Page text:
I’m not the first person to come out from a Mormon community and I won’t be the last

Adam Bair, current South Dakotan and former Idahoan, shared their journey of coming out in a deeply religious community in hopes to inspire LGBTQ+ people to live confidently in who they are. 

My family has been members of the Mormon Church as long as the Mormon Church has existed. My ancestors were baptized into the church by Joseph Smith himself. Needless to say, the Mormon Church (The Church of Jesus Christ of Latter-Day Saints) was an immense influence in my youth. It is considered a “high demand religion” - meaning it is a religion that requires members to be constantly participating in religious activities. Daily prayer, daily scripture study, weekly three-hour church services, weekly youth groups, and monthly fasting were all parts of my upbringing. Family vacations were not spent going to Disneyland or to national parks, but were rather spent visiting church historical sights in Utah and Illinois, cementing the importance of Mormon theology into my mind as the only way to be happy in my mortal life. 

So even though I knew I was gay at the age of 12, coming out in Idaho, a state that is predominantly Mormon, a religious group uniquely hostile to LGBTQ+ people - was not something to take lightly. To me, coming out seemed like a detrimental life-changing event that would forever change my life for the worst. 

In 2010, I graduated from a class of about 300 students in Idaho Falls. After that, I followed a pretty traditional, dare I say expected, route of a typical person from my community. After high school I was expected to first: spend two years as a missionary for the Mormon Church; second: attend a church owned university; third: Get married, make lots of little Mormon babies, and raise them to be devout Mormons. It's the Mormon Circle of Life. I served my mission in Santiago, Chile. I loved my experiences as a missionary, many of which I will forever stay with me.

Adam in Chile
After I returned home from Chile, I enrolled at Brigham Young University - Idaho. BYU has a notorious reputation for a strict “honor code.” But the BYU-Idaho campus is even more strict. The honor code is a contract that every student signs with the university. If you break this contract with the university, you may be forced to leave the university mid semester. Some of the things not allowed at BYU-Idaho were as basic as no sex before marriage and no alcohol consumption. But BYU-Idaho also forbade things like wearing shorts on campus, men growing beards, women wearing leggings, and even wearing distressed jeans on campus. 

I did, however, know that I was different from my peers. I knew that I was gay, and was excruciatingly aware that I couldn’t live freely without damaging repercussions. I first had relationships with men in college, and found myself overwhelmed with guilt - so much that I spoke with our bishop, which left me feeling even worse.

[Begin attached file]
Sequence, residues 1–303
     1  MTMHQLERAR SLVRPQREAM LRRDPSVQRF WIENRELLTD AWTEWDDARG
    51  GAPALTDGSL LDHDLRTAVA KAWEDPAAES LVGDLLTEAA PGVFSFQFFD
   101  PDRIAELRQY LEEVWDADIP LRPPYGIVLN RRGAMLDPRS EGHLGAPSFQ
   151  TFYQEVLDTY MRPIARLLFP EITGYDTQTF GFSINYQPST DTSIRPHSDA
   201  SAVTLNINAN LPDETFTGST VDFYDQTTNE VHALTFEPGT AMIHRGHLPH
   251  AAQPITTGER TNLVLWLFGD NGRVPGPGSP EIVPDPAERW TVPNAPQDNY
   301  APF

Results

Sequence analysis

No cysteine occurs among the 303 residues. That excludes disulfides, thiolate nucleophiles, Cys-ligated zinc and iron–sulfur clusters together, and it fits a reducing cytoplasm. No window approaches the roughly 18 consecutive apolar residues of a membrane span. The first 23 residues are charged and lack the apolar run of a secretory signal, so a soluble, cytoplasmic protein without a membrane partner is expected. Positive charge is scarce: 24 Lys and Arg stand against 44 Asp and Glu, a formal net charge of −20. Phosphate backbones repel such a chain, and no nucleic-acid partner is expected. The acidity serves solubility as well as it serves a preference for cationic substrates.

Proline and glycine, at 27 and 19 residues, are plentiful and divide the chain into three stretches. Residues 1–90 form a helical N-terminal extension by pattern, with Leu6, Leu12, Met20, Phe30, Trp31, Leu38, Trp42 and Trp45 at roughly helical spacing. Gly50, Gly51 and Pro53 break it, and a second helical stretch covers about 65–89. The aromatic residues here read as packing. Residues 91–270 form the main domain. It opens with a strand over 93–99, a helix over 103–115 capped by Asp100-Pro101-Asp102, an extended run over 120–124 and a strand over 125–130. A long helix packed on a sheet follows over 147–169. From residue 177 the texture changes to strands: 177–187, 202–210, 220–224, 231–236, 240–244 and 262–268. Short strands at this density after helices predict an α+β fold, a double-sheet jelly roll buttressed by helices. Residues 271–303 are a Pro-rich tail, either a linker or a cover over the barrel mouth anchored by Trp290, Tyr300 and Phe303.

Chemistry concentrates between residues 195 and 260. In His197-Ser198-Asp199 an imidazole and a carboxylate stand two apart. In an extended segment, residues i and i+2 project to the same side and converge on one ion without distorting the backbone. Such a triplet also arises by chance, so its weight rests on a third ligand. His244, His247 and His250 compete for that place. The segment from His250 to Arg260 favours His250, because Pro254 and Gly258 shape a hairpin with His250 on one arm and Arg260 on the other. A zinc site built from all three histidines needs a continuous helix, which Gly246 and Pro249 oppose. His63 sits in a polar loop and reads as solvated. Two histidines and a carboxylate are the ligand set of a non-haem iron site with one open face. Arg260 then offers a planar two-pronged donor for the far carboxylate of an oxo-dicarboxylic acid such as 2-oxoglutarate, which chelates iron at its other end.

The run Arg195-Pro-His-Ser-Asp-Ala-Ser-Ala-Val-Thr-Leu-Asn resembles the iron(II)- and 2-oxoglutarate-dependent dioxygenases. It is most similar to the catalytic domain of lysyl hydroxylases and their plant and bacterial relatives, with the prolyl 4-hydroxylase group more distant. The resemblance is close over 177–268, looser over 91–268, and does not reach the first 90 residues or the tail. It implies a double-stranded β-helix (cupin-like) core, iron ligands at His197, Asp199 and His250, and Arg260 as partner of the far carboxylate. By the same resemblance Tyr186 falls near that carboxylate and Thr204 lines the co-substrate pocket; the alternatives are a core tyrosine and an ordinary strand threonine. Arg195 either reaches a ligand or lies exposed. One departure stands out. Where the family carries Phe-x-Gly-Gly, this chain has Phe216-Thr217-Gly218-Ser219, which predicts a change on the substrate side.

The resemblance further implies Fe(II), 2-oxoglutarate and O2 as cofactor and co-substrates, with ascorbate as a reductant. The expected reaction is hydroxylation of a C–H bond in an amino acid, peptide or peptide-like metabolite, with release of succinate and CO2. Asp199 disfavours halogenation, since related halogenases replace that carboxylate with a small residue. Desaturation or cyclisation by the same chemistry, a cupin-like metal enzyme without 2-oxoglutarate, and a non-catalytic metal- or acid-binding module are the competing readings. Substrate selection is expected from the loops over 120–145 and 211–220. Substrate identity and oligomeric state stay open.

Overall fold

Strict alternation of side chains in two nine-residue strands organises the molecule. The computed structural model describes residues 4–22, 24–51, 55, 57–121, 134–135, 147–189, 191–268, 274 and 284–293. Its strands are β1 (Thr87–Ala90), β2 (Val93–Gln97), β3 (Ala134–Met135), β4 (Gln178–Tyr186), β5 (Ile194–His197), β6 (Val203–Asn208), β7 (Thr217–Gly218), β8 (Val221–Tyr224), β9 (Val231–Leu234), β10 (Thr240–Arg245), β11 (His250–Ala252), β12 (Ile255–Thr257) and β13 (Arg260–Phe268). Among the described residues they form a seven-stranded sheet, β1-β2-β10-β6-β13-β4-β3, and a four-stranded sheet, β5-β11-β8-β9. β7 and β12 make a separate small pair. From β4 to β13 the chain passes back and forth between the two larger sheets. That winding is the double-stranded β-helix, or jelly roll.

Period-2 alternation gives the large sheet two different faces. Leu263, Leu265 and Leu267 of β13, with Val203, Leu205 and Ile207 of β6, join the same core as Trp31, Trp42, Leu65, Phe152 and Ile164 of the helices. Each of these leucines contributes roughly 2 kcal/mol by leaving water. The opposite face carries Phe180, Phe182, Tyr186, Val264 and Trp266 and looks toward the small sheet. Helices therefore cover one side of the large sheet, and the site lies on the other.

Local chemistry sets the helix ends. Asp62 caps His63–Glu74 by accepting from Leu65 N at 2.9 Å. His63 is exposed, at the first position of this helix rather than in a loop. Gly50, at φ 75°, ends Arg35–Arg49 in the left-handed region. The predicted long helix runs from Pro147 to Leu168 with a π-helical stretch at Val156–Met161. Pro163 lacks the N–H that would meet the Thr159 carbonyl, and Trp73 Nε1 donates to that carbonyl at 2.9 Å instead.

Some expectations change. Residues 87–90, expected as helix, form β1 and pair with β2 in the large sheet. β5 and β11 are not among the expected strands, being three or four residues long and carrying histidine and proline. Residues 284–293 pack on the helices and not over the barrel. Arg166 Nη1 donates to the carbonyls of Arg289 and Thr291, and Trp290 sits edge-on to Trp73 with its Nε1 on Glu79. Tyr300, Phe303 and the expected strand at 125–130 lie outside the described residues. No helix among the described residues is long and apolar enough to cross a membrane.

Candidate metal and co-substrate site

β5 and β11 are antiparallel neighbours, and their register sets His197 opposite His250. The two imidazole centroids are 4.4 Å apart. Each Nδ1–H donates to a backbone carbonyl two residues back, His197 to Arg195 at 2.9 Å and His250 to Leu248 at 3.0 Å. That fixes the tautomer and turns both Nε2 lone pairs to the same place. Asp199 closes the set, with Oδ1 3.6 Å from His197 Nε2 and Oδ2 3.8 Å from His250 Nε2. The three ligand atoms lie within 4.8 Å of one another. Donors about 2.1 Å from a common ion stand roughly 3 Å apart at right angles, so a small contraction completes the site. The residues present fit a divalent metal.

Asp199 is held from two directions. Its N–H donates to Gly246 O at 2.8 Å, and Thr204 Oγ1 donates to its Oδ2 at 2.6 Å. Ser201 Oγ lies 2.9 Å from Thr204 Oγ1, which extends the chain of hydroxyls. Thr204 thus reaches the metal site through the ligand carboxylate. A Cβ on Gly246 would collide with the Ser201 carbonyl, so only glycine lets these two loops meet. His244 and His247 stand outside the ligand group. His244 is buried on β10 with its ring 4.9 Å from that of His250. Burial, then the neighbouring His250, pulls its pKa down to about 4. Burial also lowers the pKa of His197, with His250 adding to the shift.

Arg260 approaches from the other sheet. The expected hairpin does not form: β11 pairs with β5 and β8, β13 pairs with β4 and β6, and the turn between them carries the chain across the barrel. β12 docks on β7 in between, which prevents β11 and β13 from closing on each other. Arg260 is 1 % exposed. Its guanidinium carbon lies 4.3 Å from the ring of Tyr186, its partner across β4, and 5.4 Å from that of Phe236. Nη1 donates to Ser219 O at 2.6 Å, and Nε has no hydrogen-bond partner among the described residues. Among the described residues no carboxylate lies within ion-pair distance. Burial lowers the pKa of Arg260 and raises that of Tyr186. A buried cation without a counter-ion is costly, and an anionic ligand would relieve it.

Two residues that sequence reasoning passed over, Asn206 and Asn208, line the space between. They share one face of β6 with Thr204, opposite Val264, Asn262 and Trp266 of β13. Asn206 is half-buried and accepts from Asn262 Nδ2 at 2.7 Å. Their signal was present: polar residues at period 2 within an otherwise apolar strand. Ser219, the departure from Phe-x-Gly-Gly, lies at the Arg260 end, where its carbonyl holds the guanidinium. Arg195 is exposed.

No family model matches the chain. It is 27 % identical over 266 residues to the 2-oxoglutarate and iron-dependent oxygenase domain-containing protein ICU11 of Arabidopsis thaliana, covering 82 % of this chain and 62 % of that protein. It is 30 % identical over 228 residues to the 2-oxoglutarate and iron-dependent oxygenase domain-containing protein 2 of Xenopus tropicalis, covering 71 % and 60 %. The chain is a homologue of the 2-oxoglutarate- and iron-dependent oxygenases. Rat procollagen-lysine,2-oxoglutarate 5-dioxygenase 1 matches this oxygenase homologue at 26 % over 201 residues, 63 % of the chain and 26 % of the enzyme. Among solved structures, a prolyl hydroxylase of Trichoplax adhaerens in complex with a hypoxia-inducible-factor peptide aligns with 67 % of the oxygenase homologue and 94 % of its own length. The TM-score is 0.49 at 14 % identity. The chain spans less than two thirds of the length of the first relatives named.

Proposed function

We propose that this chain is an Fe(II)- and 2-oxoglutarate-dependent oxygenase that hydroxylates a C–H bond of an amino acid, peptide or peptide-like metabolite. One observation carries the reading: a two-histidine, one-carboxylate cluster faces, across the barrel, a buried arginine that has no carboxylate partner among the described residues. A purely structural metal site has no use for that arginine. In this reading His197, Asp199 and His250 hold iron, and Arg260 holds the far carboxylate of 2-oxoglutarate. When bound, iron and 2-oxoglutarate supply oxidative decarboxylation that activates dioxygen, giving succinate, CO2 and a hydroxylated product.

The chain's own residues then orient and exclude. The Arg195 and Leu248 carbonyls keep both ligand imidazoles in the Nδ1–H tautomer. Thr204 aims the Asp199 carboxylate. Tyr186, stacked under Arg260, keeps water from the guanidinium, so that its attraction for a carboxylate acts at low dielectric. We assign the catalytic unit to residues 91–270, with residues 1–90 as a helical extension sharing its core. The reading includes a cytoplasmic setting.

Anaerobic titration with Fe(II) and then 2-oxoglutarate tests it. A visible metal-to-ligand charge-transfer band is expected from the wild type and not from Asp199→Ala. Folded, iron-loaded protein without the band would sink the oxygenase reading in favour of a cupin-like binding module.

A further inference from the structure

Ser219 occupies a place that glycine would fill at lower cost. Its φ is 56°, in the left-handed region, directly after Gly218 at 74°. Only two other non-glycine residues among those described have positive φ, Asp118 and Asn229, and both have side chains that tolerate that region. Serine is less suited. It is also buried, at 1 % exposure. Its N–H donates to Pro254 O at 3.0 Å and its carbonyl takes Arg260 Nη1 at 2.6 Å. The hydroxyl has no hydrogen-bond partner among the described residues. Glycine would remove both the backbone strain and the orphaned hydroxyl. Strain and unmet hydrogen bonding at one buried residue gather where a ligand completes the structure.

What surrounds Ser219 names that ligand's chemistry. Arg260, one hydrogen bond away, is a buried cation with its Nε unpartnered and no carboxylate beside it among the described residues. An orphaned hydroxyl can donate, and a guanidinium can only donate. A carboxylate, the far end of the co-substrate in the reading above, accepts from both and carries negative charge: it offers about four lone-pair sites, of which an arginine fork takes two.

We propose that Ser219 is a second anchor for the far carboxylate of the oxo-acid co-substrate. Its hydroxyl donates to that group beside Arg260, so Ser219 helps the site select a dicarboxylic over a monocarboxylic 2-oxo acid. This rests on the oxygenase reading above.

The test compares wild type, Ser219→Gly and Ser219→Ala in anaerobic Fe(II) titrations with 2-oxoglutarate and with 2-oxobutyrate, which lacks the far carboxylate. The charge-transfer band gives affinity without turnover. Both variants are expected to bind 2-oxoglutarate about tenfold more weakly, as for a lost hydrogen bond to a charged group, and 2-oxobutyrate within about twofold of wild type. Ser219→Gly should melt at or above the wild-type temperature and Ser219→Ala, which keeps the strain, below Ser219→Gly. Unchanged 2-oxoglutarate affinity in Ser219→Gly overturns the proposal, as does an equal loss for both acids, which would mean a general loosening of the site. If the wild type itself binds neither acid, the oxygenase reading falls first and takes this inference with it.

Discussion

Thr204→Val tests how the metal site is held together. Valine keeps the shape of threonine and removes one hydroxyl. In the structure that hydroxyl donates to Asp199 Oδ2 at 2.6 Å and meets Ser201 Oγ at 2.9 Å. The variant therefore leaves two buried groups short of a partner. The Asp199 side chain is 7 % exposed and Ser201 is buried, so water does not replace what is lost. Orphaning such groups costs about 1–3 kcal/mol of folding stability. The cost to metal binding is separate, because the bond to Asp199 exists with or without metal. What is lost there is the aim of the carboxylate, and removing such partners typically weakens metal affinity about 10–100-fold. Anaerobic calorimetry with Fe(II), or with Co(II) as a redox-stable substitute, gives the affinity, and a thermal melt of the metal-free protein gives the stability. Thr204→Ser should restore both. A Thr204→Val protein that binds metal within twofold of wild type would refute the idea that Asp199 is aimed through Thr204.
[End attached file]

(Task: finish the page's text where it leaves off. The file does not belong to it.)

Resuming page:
The bishop asked me questions about how “seriously I had sinned.” I had to retell any intimate experience that I have ever had with another man - everything from holding hands to sexual relations. It was embarrassing, humiliating, and an overall dehumanizing experience. The bishop suggested that I “work on this” and that being gay was by “cross to bear.”

Once the bishop and others in my college found out about the details of my relationships, I had to leave BYU-Idaho, derailing my education to this day. Being kicked out of college forced me to come out to my parents, which robbed me of own ability to do so on my own time. In time, my parents and relatives came around to who I really am, but don’t seem to be completely comfortable yet. 

After leaving BYU-Idaho, I moved to Sioux Falls to live with my father. Moving out of a Mormon community gave me the ability to live more authentically. After several months of personal turmoil I finally realized that I could not be happy if I wasn’t being myself. I came out of the closet when I was 23 years old, and it was the best decision that I have ever made. Being able to live myself authentically is more liberating than anything I have ever experienced. 

I learned a lot about God during all those years  spent in the pews of the Mormon Church. I truly believe that God has an individual relationship with all of us. The God I know doesn’t love me any less for being gay than he would if I were heterosexual. His love is unconditional, and anybody who tells you otherwise does not have your best interest in mind. 

There is still a struggle within the Mormon Church on the subject of the LGBTQ+ community. The church has doubled down on its opposition to gay marriage and acceptance of LGBTQ+ members. As a result, suicides of LGBTQ+ members of the church have skyrocketed in recent years. If there is anybody out there who is at this breaking point, let me make myself clear: No religion is more important than your own life. There is a community waiting for you on the outside of that very dark closet. Even if your worst fears come true and you find yourself without a home or family. We are here for you. Our arms are open and we are ready to love you. 

Friends are the family you choose and they will love you for exactly who you are.